The Angel of Terror

Edgar Wallace
The Angel of Terror, by Edgar

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Title: The Angel of Terror
Author: Edgar Wallace
Release Date: May 19, 2007 [EBook #21530]
Language: English
Character set encoding: ISO-8859-1

Produced by David Clarke, Geetu Melwani and the Online Distributed
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The characters in this book are entirely imaginary, and have no relation
to any living person.

First Printed, May, 1922
32nd Edition, September, 1934
Made and Printed in Great Britain for Hodder and Stoughton Limited,
by Wyman & Sons Ltd., London, Reading and Fakenham

The Angel of Terror
Chapter I
The hush of the court, which had been broken when the foreman of the
jury returned their verdict, was intensified as the Judge, with a quick
glance over his pince-nez at the tall prisoner, marshalled his papers
with the precision and method which old men display in tense moments
such as these. He gathered them together, white paper and blue and
buff and stacked them in a neat heap on a tiny ledge to the left of his
desk. Then he took his pen and wrote a few words on a printed paper
before him.
Another breathless pause and he groped beneath the desk and brought
out a small square of black silk and carefully laid it over his white wig.
Then he spoke:
"James Meredith, you have been convicted after a long and patient trial
of the awful crime of wilful murder. With the verdict of the jury I am in
complete agreement. There is little doubt, after hearing the evidence of
the unfortunate lady to whom you were engaged, and whose evidence
you attempted in the most brutal manner to refute, that, instigated by
your jealousy, you shot Ferdinand Bulford. The evidence of Miss
Briggerland that you had threatened this poor young man, and that you
left her presence in a temper, is unshaken. By a terrible coincidence, Mr.
Bulford was in the street outside your fiancée's door when you left, and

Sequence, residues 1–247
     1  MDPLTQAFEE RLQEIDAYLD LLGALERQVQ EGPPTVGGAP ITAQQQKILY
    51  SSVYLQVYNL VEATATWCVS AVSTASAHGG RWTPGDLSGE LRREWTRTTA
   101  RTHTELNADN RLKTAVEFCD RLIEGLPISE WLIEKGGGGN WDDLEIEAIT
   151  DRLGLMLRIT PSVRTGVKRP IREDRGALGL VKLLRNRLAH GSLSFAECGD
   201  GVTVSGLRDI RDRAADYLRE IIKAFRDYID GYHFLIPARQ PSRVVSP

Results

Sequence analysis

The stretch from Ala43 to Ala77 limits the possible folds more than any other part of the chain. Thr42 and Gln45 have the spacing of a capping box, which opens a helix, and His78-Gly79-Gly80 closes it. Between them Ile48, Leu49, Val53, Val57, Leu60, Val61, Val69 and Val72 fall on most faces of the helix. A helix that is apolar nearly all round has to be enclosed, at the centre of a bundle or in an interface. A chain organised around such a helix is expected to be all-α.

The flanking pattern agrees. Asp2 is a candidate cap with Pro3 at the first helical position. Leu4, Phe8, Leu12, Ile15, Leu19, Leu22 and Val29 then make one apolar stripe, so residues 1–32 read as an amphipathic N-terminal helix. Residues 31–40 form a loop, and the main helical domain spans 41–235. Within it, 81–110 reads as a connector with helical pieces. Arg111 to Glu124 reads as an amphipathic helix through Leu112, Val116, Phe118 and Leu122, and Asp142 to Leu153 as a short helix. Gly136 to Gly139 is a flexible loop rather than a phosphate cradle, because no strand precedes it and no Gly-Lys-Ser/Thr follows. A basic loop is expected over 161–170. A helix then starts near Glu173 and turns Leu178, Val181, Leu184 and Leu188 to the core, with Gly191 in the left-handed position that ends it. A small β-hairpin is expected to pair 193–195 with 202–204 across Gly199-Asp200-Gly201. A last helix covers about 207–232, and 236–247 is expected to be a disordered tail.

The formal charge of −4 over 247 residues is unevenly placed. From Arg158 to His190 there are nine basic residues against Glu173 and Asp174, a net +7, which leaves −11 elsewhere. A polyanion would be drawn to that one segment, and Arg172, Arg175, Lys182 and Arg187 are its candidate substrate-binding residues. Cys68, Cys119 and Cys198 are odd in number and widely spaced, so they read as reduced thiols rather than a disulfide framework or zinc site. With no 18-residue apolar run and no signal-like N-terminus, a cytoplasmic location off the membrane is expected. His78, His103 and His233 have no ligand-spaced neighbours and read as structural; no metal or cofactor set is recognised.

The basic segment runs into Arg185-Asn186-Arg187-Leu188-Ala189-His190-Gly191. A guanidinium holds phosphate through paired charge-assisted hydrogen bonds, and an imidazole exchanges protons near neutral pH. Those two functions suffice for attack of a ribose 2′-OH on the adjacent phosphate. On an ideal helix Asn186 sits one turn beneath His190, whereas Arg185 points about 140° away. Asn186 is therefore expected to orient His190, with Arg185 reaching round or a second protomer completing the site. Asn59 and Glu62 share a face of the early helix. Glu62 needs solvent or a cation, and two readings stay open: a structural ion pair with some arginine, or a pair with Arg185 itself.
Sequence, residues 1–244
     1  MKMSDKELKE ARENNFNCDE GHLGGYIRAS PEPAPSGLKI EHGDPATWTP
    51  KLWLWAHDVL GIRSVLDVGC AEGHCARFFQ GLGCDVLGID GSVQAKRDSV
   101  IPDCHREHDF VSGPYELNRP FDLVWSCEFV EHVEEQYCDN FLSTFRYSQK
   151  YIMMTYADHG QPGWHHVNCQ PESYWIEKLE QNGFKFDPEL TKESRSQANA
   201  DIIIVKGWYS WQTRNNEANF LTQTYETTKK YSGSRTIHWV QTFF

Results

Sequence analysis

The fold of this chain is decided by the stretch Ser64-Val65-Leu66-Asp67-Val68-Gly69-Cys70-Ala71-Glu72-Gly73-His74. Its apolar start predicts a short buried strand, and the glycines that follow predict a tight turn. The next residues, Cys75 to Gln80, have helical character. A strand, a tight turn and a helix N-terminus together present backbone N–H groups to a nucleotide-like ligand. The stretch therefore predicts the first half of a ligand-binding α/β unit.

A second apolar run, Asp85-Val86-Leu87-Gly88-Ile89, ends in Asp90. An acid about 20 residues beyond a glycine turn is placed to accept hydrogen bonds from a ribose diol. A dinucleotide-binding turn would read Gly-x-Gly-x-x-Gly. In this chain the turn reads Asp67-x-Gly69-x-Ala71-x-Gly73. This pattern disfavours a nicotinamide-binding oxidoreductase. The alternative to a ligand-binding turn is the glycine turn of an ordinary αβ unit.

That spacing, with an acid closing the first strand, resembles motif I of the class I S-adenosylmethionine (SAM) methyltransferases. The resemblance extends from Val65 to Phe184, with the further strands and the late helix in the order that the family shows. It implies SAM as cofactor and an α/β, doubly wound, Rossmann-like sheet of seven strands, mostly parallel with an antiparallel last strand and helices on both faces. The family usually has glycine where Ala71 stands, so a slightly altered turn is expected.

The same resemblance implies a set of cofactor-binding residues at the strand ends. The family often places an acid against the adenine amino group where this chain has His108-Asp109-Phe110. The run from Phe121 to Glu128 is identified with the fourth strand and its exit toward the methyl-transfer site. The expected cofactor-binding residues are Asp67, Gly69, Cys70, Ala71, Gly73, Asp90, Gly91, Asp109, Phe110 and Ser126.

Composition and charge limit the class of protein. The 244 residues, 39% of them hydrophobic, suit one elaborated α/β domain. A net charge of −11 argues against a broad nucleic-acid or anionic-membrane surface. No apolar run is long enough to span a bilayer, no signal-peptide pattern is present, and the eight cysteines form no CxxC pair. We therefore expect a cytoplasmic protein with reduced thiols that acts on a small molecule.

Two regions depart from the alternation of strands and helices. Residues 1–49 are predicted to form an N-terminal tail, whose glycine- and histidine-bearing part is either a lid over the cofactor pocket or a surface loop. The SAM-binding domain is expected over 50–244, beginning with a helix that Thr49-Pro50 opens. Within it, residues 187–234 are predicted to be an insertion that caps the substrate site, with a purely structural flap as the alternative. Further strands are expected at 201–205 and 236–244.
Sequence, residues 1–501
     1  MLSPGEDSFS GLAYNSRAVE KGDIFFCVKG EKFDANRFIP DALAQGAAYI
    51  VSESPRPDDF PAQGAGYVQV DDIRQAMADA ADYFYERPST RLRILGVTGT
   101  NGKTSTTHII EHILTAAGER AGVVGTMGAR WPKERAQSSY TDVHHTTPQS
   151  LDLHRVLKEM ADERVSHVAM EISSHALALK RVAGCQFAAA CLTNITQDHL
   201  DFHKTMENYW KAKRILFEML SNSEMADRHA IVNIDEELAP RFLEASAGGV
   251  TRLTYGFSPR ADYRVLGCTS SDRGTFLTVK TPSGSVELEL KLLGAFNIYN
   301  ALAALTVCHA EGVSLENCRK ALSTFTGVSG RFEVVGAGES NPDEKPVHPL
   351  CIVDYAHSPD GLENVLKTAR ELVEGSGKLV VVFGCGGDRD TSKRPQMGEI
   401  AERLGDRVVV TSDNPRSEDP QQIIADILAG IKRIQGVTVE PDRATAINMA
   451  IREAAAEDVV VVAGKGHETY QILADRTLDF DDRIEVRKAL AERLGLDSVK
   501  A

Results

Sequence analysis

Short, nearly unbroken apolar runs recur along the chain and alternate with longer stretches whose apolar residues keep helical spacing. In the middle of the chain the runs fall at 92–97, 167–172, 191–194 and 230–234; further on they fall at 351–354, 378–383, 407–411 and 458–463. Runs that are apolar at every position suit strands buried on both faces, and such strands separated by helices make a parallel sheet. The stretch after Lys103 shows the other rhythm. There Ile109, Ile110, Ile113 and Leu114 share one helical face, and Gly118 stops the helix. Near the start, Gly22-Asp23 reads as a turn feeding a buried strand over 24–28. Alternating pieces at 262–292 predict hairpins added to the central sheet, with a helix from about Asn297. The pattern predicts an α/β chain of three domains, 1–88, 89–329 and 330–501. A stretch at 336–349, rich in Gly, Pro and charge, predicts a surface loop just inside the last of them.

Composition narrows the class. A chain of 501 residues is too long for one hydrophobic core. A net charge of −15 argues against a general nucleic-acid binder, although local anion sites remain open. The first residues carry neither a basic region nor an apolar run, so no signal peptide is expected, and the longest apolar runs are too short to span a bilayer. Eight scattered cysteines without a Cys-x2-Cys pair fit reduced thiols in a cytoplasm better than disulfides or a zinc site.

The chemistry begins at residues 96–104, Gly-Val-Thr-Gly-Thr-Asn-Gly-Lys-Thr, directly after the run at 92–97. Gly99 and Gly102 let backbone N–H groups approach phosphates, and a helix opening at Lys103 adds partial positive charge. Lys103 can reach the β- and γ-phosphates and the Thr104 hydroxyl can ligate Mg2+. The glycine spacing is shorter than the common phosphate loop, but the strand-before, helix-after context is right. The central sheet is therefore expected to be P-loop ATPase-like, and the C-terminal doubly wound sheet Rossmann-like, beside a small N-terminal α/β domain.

maddened by your insane jealousy, you shot him dead.

"To suggest, as you have through your counsel, that you called at Miss
Briggerland's that night to break off your engagement and that the
interview was a mild one and unattended by recriminations is to
suggest that this lady has deliberately committed perjury in order to
swear away your life, and when to that disgraceful charge you produce
a motive, namely that by your death or imprisonment Miss Briggerland,
who is your cousin, would benefit to a considerable extent, you merely
add to your infamy. Nobody who saw the young girl in the box, a
pathetic, and if I may say, a beautiful figure, could accept for one
moment your fantastic explanation.
"Who killed Ferdinand Bulford? A man without an enemy in the world.
That tragedy cannot be explained away. It now only remains for me to
pass the sentence which the law imposes. The jury's recommendation to
mercy will be forwarded to the proper quarter...."
He then proceeded to pass sentence of death, and the tall man in the
dock listened without a muscle of his face moving.
So ended the great Berkeley Street Murder Trial, and when a few days
later it was announced that the sentence of death had been commuted to
one of penal servitude for life, there were newspapers and people who
hinted at mistaken leniency and suggested that James Meredith would
have been hanged if he were a poor man instead of being, as he was,
the master of vast wealth.
"That's that," said Jack Glover between his teeth, as he came out of
court with the eminent King's Counsel who had defended his friend and
client, "the little lady wins."
His companion looked sideways at him and smiled.
"Honestly, Glover, do you believe that poor girl could do so dastardly a
thing as lie about the man she loves?"
"She loves!" repeated Jack Glover witheringly.
"I think you are prejudiced," said the counsel, shaking his head.

"Personally, I believe that Meredith is a lunatic; I am satisfied that all
he told us about the interview he had with the girl was born of a
diseased imagination. I was terribly impressed when I saw Jean
Briggerland in the box. She--by Jove, there is the lady!"
They had reached the entrance of the Court. A big car was standing by
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